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Future Forward Party might be dissolved

Jack Burton



Future Forward Party might be dissolved | The Thaiger
Photo: Future Forward Party
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The Constitutional Court will deliver a ruling on on Nov 20 that could make or break the Future Forward Party (FFP) and its leader Thanathorn Juangroongruangkit.

The party and Thanathorn face a slew of legal cases that seriously jeopardise their political future. The FFP, which has 80 MPs, could be dissolved and its 24 executives banned from politics.

If the court rules against Thanathorn, it might cause a “domino effect” and the party could be disbanded, observers say.

The Election Commission (EC) claims that Thanathorn held shares in a media firm, V-Luck Media, when he registered as a candidate. This would violate the EC charter, which prohibits owners and shareholders of media or publishing firms from applying to become MPs.

The court suspended Thanathorn from MP duties on May 23, pending a ruling.

The FFP and Mr Thanathorn have had several legal cases brought against them in recent months with some saying the party has been in a downward spiral since was created in 2018.

An internal rift also emerged in October, when 120 former election candidates and party members resigned en masse, accusing Thanathorn of ignoring unsuccessful candidates and breaking promises to give them political jobs.

A few party MPs also rebelled and voted in favour of government bills, like an executive decree to put army units under royal command, and the 3.2 trillion baht 2020 budget.

There are three cases, though, which could truly dissolve of the FFP. One involves donations by Thanathorn and his wife. The FFP leader donated 10 million baht to the party and his wife gave 7.2 million baht.

An activist has asked the EC to rule whether the couple are legally considered a single entity, because if so, their combined donations would break the law, which caps donations at 10 million baht.

Thanathorn may have broken the same law by lending more than 100 million baht to the party. Activists have accused Thanathorn and the party of trying to end to the monarchy.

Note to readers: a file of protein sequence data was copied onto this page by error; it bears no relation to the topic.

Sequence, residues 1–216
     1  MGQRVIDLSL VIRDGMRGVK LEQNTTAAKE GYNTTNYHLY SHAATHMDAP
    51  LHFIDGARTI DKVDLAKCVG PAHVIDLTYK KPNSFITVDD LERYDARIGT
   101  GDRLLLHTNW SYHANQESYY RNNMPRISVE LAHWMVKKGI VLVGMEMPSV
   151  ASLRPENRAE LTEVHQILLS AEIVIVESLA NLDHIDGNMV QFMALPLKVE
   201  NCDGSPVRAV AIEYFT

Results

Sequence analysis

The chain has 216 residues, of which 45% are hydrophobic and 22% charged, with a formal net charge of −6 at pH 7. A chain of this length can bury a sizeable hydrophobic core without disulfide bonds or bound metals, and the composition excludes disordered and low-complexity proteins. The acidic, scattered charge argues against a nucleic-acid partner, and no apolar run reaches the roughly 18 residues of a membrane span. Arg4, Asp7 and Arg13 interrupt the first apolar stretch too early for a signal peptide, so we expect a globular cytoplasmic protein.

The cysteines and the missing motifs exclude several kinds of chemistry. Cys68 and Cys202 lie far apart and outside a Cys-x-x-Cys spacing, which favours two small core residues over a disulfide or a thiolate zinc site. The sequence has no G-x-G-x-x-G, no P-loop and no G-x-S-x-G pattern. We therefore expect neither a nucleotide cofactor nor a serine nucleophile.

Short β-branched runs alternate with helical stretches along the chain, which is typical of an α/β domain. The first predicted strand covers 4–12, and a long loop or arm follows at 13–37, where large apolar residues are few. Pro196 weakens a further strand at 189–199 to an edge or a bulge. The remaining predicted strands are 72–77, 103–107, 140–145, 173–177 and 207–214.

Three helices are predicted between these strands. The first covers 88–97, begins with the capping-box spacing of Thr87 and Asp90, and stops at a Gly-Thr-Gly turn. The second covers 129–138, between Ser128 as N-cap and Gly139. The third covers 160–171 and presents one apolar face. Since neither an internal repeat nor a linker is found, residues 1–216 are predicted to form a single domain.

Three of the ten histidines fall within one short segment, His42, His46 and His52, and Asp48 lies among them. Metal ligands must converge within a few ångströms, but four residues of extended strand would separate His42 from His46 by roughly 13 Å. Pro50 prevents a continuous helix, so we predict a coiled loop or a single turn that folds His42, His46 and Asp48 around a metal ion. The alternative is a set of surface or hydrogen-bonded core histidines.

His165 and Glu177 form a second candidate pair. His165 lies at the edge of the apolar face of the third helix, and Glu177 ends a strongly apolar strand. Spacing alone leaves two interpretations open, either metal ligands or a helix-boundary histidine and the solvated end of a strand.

The FFP’s secretary general says it’s surprising the party has so many legal cases against it, despite not being in power.

“I want to ask if everyone really feels the party broke the law or whether this is because the party’s approach has upset those in power,” he said in an interview.

If the party is disbanded, its MPs still have 60 days to switch to new parties and retain their MP status according to law. But if the FFP manages to get through this rough patch and survive, it will likely grow into a major party, matching or even surpassing the Pheu Thai Party, according to the FFP spokesman


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Jack Burton is an American writer, broadcaster, linguist and journalist who has lived in Asia since 1987. A native of the state of Georgia, he attended the The University of Georgia's Henry Grady School of Journalism, which hands out journalism's prestigious Peabody Awards. His works have appeared in The China Post, The South China Morning Post, The International Herald Tribune and many magazines throughout Asia and the world. He is fluent in Mandarin and has appeared on television and radio for decades in Taiwan, Mainland China, Hong Kong and Macau.

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Bangkok’s Ying Charoen wet market reopens after fire

Jack Burton



Bangkok’s Ying Charoen wet market reopens after fire | The Thaiger
PHOTO: Coconuts Bangkok

Most of the Ying Charoen market in Bangkok’s Bang Khen district reopened after fire destroyed about 160 stalls. Earlier estimates put the number at around 50 stalls. No injuries were reported. The blaze in the 30 rai compound reportedly began at a bakery at about 3am and quickly spread to nearby stalls. It took firefighters about 2 hours to control the flames.